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Local-owned trawlers can stem capital flight in maritime sector – Expert

The federal government has been urged to take concrete and deliberate measures to unlock the abundant economic potential in the country’s marine and blue economy…

The federal government has been urged to take concrete and deliberate measures to unlock the abundant economic potential in the country’s marine and blue economy for it to actualise the billion dollars revenues anticipated from the sector.

A maritime analyst and Chief Executive Officer of Ships and Ports, Dr Bolaji Akinola, said encouraging Nigerians into owning fishing trawlers can stem capital flight and retain value locally.

Dr Akinola affirmed that the desire of the President Bola Ahmed Tinubu’s administration to achieve the expected trillion-dollar revenue from the maritime sector will pose a significant challenge for the government unless deliberate efforts are made to expand key segments of the sector for the greater economic benefits of the country and its citizens.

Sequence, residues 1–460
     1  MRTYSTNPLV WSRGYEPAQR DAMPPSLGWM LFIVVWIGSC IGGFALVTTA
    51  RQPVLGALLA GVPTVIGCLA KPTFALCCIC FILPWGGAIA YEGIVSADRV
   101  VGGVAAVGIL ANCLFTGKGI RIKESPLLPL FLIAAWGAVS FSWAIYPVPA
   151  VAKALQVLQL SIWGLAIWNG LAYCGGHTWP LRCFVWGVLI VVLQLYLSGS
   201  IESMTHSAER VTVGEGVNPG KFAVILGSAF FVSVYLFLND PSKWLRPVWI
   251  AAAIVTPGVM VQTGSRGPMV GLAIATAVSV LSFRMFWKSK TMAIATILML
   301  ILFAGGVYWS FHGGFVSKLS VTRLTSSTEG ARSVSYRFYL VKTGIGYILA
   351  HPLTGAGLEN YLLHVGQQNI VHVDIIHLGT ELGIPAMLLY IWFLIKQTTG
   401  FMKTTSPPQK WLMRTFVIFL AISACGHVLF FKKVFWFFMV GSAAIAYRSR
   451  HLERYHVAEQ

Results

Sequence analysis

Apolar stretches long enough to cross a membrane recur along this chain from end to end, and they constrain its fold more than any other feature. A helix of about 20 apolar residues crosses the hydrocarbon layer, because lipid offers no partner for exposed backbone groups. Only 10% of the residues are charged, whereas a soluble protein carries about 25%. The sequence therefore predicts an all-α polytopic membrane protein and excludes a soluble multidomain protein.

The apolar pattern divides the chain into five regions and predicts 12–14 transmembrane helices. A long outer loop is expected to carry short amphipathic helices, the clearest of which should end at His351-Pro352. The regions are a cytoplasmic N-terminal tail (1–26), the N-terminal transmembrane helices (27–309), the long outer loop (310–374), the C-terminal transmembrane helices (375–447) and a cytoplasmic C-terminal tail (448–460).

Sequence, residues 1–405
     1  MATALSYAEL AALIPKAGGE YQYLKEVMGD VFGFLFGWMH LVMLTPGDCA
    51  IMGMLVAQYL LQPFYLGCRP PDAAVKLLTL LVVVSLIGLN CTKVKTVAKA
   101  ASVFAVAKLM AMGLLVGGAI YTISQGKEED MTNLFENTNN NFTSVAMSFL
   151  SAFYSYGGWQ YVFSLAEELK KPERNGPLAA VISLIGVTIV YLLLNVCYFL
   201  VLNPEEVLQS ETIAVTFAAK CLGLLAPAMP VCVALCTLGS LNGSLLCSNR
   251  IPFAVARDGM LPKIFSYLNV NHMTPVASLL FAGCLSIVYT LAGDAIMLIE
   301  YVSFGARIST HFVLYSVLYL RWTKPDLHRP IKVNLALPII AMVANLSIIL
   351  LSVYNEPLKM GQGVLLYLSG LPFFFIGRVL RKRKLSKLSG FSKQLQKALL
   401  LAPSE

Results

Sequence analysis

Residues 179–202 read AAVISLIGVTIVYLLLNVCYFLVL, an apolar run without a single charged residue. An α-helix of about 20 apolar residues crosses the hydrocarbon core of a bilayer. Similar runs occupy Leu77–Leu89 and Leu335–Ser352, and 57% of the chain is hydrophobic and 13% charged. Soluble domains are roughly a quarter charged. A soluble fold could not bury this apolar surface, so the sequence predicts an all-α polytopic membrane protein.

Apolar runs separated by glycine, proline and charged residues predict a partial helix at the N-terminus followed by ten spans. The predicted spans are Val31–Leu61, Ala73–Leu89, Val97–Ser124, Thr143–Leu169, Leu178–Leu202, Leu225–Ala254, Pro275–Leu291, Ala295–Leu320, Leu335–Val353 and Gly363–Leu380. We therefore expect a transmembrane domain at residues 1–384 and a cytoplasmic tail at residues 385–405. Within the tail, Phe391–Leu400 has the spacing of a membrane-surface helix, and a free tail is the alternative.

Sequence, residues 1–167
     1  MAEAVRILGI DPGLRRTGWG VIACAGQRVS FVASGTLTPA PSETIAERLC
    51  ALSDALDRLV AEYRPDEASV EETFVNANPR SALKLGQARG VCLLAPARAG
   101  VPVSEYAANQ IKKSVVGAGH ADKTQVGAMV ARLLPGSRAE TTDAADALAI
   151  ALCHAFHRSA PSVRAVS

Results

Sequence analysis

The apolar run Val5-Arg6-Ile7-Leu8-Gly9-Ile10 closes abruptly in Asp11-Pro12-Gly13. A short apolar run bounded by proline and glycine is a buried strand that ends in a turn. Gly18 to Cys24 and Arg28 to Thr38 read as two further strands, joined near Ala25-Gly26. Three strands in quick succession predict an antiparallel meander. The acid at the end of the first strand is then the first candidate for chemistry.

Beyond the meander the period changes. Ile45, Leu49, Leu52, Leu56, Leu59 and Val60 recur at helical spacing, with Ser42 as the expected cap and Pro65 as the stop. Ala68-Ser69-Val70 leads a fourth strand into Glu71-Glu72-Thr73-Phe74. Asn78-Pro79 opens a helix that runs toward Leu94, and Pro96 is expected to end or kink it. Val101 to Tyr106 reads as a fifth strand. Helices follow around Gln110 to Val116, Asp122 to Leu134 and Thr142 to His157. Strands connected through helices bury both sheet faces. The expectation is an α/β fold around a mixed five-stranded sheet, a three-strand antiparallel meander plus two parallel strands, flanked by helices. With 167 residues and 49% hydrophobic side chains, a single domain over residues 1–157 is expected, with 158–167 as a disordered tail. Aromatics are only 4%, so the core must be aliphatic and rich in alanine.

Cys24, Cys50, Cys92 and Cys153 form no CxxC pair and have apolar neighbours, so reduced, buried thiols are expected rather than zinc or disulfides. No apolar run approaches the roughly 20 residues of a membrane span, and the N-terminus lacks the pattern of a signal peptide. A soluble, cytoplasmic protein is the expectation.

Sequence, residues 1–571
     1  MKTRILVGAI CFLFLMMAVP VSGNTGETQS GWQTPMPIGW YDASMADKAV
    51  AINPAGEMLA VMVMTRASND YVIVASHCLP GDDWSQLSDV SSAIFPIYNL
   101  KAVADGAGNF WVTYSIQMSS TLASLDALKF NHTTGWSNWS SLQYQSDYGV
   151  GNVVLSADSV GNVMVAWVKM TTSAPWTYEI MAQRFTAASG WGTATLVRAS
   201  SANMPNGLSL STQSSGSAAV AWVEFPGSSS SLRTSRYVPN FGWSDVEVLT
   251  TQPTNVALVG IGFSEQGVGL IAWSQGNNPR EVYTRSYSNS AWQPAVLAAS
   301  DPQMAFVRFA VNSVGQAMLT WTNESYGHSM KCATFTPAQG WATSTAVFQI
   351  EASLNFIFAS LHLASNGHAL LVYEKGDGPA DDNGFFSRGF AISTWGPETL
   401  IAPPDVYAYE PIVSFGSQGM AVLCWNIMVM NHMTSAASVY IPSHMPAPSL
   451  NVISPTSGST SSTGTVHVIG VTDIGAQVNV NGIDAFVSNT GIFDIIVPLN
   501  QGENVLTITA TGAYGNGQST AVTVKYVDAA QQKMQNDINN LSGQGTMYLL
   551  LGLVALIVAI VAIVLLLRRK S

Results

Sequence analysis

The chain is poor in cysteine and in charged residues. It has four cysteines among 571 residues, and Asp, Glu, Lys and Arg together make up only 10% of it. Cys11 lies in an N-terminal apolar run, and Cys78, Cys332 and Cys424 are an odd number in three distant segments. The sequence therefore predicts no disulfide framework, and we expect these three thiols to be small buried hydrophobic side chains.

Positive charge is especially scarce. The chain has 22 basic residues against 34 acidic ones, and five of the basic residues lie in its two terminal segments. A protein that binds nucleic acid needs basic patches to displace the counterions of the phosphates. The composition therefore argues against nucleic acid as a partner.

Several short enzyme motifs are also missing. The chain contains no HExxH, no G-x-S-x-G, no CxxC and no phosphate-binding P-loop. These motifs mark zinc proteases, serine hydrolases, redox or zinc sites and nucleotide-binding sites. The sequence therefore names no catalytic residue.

Speaking on a TVC television programme, he explained that Nigeria is blessed with an extensive coastline along the coast of guinea that boosts abundant marine resources with immense potential for its economic growth and development.

Dr Bolaji said actualising the trillion-dollar benefits anticipated from the blue economy will require that concerted efforts and actionable initiatives are taken.

He said, “There is a need for an alignment of purpose. For instance, let’s look at the fishing aspect, because these are the low-hanging fruits, the coastal trades, the international trades, even the fish trawling industry. We also need to look at that and say look, how do we now ensure that we get more Nigerian fishing trawlers into this business so that we can stem capital flight and retain value locally here.”

Citing the huge amount of revenue the country lost in trades, he said, “Nigeria loses a lot of money from international trade, the movement of crude oil out of the country, the importation of petroleum products into this country and the importation of many other goods into this country. On the average I think about 5000 vessels from statistics coming to Nigeria, none of these vessels belong to a Nigerian. 

On how the federal government and the Ministry of Marine and Blue Economy can address the lingering challenges, Bolaji calls for huge investment in port infrastructure, streamlining of regulatory processes and improving operational efficiencies.

 

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